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20th Oct 2017

Francophiles seek primacy for language of Montesquieu

  • "French is best at precision, it has a rigour to it," the committee said. (Photo: EUobserver)

Prominent EU francophiles are proposing that Europe's "most precise and rigorous language" - French - be "authoritative" in the case of legal interpretation problems, in a move seen by some observers as a "rearguard battle against the demise of French."

The European Parliament on Wednesday (7 February) saw a visit by a group of eminent members of the Committee for the Language of European Law (CPLDE) - meaning French - raise the alarm over the problem of EU legal texts having different meanings in the union's now 23 official languages.

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The pack of francophiles included the parliament's ex-president Nicole Fontaine, former Romanian prime minister Adrian Nastase, Polish MEP and history professor Bronislaw Geremek as well as Antoinette Spaak, the daughter of ex-Belgian foreign minister and EU founding father Paul-Henri Spaak.

The CPLDE - also supported by EU nobility such as Germany's Otto von Habsburg and Bulgaria's Simeon Sakskoburggotski - is headed by French writer and secretary of the Academie Francaise Maurice Druon, who told Brussels journalists that "the language of Montesquieu is unbeatable."

"The Italian language is the language of song, German is good for philosophy and English for poetry," Mr Druon said. "French is best at precision, it has a rigour to it. It is the safest language for legal purposes."

The CPLDE proposes that French should have the ultimate linguistic primacy in situations where EU officials or politicians are squabbling over what an EU text actually says when written in several languages.

"All languages are equal and all the national sensitivities are duly protected. However, as regards the interpretation of texts it is better to be certain what we are writing," said Mr Druon.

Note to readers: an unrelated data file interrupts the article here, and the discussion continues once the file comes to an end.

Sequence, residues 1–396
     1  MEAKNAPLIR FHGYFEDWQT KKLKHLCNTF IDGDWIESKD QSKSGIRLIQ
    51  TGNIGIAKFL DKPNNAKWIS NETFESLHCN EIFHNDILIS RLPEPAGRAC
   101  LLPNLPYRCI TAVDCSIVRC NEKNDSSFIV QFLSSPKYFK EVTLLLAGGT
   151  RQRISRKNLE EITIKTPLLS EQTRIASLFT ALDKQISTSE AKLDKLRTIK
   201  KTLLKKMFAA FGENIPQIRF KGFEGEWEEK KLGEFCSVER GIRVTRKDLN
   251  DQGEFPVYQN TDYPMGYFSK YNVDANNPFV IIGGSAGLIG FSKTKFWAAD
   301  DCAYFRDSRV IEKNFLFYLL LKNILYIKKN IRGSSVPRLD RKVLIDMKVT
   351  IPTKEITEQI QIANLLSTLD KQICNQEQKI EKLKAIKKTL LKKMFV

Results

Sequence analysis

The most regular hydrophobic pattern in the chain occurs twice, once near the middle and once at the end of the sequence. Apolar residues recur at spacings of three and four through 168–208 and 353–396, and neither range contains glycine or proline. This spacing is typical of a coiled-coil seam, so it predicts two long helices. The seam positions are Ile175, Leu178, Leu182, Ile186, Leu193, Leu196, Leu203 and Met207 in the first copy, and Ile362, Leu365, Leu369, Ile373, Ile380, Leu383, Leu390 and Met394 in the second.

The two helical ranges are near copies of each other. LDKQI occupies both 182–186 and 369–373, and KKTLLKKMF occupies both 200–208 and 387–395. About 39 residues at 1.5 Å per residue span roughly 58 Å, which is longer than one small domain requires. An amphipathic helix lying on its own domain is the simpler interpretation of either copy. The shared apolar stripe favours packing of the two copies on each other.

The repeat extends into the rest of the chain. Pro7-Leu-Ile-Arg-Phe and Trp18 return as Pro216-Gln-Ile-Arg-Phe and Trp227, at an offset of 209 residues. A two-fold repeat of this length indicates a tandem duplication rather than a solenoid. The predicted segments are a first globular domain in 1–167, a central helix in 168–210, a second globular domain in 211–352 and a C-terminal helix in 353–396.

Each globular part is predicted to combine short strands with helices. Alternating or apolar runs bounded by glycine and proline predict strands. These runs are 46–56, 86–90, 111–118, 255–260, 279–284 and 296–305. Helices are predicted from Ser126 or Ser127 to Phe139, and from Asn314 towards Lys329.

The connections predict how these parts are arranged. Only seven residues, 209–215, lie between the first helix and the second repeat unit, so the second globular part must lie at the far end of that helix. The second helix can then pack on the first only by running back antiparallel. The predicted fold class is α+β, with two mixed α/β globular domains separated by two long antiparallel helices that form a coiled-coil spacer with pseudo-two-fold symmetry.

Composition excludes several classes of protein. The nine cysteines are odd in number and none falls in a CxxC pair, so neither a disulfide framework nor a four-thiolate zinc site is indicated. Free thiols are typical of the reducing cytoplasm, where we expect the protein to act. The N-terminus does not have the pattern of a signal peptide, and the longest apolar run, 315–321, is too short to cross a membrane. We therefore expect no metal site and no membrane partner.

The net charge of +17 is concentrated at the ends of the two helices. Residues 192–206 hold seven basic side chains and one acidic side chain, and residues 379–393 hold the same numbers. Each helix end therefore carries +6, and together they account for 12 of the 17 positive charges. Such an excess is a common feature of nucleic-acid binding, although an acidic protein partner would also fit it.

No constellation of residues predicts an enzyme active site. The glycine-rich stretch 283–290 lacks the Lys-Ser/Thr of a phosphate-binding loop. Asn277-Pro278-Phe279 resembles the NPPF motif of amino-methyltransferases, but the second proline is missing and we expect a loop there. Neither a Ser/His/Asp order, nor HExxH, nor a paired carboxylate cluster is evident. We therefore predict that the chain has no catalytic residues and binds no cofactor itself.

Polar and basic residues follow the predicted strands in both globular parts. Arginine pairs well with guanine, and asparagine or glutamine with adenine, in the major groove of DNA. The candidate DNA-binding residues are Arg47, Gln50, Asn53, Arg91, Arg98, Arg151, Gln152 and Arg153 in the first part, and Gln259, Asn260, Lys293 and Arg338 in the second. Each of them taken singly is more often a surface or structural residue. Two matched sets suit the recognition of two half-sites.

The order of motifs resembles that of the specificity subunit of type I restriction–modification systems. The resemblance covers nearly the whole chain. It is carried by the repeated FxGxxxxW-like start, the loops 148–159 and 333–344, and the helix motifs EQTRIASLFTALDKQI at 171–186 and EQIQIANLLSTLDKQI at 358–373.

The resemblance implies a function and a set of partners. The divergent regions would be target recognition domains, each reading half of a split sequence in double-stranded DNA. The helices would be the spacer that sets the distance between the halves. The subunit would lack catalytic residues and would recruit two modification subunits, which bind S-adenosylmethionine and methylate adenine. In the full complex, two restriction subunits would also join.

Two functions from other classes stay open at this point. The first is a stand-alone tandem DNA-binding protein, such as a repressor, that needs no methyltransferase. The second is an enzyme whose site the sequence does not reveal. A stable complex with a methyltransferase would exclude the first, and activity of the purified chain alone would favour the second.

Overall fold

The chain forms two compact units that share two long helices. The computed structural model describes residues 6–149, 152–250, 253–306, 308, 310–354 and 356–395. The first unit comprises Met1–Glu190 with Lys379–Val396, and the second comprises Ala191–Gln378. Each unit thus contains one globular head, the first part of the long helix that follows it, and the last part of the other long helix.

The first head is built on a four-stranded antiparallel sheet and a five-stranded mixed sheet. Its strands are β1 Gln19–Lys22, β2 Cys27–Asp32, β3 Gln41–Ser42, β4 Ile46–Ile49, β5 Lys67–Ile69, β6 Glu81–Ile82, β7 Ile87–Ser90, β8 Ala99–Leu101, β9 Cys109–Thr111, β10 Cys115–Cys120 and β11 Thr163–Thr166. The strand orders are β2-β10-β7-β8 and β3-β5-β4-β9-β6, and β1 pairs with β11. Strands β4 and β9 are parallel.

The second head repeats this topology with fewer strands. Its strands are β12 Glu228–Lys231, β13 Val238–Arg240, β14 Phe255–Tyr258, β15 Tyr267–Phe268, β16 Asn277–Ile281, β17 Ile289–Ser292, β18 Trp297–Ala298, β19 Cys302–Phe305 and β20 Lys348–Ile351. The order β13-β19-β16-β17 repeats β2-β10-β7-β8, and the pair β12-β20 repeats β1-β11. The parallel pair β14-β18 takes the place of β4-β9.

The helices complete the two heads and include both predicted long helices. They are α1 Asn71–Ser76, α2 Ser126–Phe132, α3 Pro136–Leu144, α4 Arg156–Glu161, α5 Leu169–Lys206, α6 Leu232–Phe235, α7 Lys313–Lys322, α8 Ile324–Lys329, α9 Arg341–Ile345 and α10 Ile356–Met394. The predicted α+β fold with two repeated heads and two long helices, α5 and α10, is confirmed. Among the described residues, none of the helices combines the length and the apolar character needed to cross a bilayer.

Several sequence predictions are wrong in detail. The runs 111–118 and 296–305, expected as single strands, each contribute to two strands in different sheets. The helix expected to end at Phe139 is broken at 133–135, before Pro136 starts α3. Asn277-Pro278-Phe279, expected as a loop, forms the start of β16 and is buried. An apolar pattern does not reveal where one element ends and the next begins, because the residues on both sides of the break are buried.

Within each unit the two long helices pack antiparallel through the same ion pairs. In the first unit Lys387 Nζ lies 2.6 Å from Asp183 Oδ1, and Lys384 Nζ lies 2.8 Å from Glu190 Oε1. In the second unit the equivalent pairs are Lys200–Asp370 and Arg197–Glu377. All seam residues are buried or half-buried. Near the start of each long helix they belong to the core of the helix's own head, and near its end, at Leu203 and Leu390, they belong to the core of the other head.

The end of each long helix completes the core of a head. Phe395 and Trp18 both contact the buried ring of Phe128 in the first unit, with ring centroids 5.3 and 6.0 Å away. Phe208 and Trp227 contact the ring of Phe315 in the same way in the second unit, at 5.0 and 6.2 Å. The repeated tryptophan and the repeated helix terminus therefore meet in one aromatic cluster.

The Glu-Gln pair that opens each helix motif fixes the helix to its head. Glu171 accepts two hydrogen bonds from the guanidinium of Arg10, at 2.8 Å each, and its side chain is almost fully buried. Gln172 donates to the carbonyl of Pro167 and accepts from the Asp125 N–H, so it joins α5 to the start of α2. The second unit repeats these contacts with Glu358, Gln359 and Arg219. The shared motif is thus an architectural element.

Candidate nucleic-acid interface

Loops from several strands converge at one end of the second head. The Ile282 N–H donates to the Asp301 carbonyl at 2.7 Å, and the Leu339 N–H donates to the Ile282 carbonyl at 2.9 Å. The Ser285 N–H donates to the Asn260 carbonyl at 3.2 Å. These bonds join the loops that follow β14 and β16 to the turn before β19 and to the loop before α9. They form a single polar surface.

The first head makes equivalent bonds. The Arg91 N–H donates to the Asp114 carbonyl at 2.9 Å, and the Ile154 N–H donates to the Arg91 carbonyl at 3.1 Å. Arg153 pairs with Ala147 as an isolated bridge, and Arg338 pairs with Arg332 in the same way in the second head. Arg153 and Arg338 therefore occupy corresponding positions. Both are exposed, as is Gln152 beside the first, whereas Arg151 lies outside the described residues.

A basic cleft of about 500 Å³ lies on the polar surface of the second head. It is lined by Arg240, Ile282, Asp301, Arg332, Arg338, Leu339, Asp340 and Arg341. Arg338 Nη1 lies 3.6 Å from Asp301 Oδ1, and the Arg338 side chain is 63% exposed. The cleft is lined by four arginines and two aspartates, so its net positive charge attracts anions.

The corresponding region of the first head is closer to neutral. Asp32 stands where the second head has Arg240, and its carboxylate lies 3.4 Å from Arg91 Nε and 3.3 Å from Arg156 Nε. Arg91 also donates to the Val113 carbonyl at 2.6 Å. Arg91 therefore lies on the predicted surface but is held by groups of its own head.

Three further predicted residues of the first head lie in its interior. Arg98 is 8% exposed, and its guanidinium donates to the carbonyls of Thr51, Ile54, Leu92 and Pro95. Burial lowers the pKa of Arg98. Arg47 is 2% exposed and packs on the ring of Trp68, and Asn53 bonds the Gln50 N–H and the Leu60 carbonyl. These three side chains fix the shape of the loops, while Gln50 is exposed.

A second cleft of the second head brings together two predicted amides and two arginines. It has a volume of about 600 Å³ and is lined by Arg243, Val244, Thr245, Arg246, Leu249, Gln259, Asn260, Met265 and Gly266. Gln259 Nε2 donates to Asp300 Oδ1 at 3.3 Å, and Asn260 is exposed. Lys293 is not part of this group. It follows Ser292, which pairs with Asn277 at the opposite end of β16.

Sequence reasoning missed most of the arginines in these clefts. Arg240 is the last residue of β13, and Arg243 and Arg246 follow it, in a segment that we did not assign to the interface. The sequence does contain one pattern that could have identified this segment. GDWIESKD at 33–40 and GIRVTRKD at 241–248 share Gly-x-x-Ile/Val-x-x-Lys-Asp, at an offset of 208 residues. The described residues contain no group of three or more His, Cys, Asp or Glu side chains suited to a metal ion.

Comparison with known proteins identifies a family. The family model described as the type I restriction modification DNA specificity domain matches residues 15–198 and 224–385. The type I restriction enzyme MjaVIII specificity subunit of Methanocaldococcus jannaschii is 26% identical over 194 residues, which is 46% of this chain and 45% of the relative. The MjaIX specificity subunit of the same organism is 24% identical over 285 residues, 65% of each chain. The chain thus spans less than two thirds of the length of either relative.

He argued that French should be "the authoritative" language as it is both related to Latin - in which Roman law was written - as well as the language of the Napoleonic code.

Tower of Babel

EUobserver in 2005 came across one case of classic EU linguistic interpretation trouble, where different languages appeared to point to different degrees of political power for the European Parliament.

When written in English or French, the 1999 regulation for the appointment of the chief of the EU's anti-fraud office OLAF seemed to completely sideline MEPs, saying "after consultations with the European Parliament and the council [member states], the commission shall appoint the director."

But in other language versions, such as German and Polish, the phrasing stipulates that the decision will be made "after the agreement of the European Parliament and the council," sparking confusion among EU officials at the time.

Officials said that currently, the language having ultimate legal primacy is the text in which the legal act was originally drafted - a situation which is untenable, according to Mr Druon who inevitably referred to the biblical tower of Babel.

"An elbow length was not the same for Egyptians as it was for Syrians," he said. "All these people were quite competent but at the end the tower collapsed."

"That is precisely the situation we are in the European Union at the moment," said the French Academie Francaise member who however suffered a public correction by Ms Fontaine for using the English term "understatement."

'Rearguard battle'

Some observers present at Wednesday's press conference expressed scepticism about the initiative, suspecting that it was not so much triggered by legal concerns but rather born out of frustration with the general decline of the French language in the EU.

"They don't want to say it, but they are raising the alarm on English getting more and more predominant in the institutions," one parliament insider said.

"It's a rearguard battle against the demise of French," said another observer working in the parliament.

Paul-Marie Couteaux, a French MEP for the Mouvement pour la France which defends French sovereignty, vented frustration with the fact that many MEPs do not know what they are voting about because draft resolutions and amendments are only available in English.

Referring to a vote in the parliament's foreign affairs committee on Kosovo last week, he said "the text was only in English and in Czech. I have worked at the UN so I understand English. But many of my French and other colleagues did not understand a word of it."

"This happens much more often. People come to me and ask: can you please tell me what I am voting about?"

A parliament official explained that draft political texts for MEPs are often born in last-minute negotiations between parliament officials and MEPs' assistants having to communicate rapidly and efficiently.

"There you have an Italian, a Pole and a Lithuanian. And they speak in a language they all understand - normally English. That's perfectly normal," he said.

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